After a hearty breakfast, we set off for the drop-offs and ravines of the Rock Garden Valley, navigating a mini couloir to hunt for cobwebs before a half-hour traverse and climb. Not one to disappoint, my guide, Richard Michellod, again delivered some fresh leads. We bounced all the way to the bottom before catching the gondola for our final descent to Verbier.
Our final route took us through beautiful old mayens – wooden huts used as staging posts when shepherds put cattle out to graze during the summer months. As we reached a clearing above the town, we found a bench and unhooked ourselves to chat in the sunshine.
Verbier caters to a range of ski touring enthusiasts, Richard told me – those who like big mountains without lifts and those who want access to interesting routes just a bit further than you would like to walk on skis. . The age range is huge: the older ones seek tranquility in nature while the younger ones enjoy the adventure.
Most opt for the comfort of a cabin at night, and I would normally be one of them. Our alpine huts, however, were on the luxurious end of the spectrum – many others are much more basic, as veteran friends touring back home were quick to tell me. But the experience of ski touring? An exhilarating combination of silence, change of scenery and escape.
Annabel Illingworth was a guest at Cabane Brunet, which offers half-board dormitory beds from £65pp (cabanebrunet.ch), and Cabane Mont Fort, half-board from £75pp (cabanemontfort .com). Guiding up to six people from £490 per day (guideverbier.com). Fly to Geneva
Annabel hits the slopes
Ski touring: beginner’s guide
Intermediate and above skiers who are confident on red runs and some powder should be well placed to give touring a try. Skinning uphill is a workout and the fitter you are the easier it will be – but you control the pace and can make as many stops as you want.
Choose a gentle slope for your first attempt and always go with a guide or someone experienced to show you the ropes and give you safety tips. In the UK, affected groups include the Eagle Ski Club, Alpine Ski Club, Scottish Ski Club and Ski Club of Great Britain.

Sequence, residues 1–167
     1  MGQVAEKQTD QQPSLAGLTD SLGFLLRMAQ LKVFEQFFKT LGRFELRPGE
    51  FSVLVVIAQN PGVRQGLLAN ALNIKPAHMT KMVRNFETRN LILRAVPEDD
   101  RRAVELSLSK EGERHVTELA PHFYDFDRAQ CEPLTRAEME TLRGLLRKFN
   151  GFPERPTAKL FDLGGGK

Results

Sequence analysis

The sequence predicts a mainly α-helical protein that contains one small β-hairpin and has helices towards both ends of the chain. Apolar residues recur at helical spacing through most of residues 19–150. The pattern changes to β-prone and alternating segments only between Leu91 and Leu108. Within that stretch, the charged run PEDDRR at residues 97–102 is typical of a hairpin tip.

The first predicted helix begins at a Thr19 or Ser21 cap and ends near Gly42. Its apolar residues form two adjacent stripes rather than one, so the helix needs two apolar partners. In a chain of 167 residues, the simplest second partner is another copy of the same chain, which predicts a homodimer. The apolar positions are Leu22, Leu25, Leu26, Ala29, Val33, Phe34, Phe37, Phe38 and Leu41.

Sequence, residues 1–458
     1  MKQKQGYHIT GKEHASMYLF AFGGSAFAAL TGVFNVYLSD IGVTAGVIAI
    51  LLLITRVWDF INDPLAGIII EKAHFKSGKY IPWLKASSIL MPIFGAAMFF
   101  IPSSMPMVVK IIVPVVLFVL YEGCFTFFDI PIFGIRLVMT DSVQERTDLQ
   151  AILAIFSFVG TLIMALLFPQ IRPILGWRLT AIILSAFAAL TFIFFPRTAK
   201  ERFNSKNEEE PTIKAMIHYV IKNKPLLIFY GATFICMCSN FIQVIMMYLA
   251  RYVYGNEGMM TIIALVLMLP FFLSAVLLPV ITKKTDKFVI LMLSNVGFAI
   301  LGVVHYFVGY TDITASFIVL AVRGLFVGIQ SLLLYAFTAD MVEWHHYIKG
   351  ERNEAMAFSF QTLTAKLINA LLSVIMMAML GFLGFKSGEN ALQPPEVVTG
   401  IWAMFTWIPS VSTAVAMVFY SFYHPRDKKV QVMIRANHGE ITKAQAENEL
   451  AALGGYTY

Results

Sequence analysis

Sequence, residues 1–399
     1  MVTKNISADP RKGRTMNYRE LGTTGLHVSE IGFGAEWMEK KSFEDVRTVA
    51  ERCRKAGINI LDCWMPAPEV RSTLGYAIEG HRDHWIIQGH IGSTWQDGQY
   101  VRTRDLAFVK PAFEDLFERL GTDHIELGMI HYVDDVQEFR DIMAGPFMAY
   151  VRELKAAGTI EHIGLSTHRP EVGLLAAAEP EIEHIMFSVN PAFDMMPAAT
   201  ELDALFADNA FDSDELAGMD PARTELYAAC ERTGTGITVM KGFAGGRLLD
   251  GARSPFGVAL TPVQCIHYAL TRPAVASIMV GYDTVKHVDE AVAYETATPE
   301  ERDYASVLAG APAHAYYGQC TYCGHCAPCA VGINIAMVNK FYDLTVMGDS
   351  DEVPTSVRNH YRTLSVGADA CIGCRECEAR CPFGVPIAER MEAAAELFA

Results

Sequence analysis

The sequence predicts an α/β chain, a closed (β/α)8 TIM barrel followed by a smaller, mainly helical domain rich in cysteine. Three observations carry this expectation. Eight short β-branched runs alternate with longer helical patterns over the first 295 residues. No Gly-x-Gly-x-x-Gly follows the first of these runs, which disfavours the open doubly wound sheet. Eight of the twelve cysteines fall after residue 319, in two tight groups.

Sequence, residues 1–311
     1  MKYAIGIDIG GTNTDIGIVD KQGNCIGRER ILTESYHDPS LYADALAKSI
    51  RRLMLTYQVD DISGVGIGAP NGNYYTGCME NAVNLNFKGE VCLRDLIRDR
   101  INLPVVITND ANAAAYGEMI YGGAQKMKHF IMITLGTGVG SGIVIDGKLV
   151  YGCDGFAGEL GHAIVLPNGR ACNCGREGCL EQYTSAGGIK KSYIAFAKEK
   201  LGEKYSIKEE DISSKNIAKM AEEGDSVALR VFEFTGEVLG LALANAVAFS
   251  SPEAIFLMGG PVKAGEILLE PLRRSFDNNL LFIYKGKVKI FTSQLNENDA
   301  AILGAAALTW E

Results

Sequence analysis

Some resorts have dedicated ‘skimo’ practice tracks and there are many recommended backcountry routes. Off-piste, it’s always easier to follow in someone else’s footsteps than to break in fresh snow. You usually go up a hill in zigzags, which means learning to make a turn to change direction.
The equipment arrived in leaps and bounds. The kit takes a bit of getting used to, especially clipping in if you have pin bindings. Lightweight boots and skis are best for long hikes. For a combination of piste and powder, heavier hybrid boots and all-mountain skis with pin or hybrid bindings will provide more stability and grip, but they require more work on the climb.
Reducing the weight you carry is an art, bordering on obsessive for many. Take only the essentials, which include water, an avalanche transceiver, a shovel and a probe, and know how to use them. This year Ortovox released the first transceiver with voice navigation, which is aimed at beginners, has impressive battery life and useful avalanche videos online.
Wearing the right clothes is essential. The climb generates a lot of body heat, so layering and breathable fabrics are essential. You can get away with downhill gear for short sessions, but in reality you’ll need dedicated outdoor gear if you plan to do it regularly.
Last but not least, snacks. Marathon runners gummies will help maintain energy levels or you can go all out and make protein balls to share with your mates. You’ll earn brownie points and they might even offer to break the track first.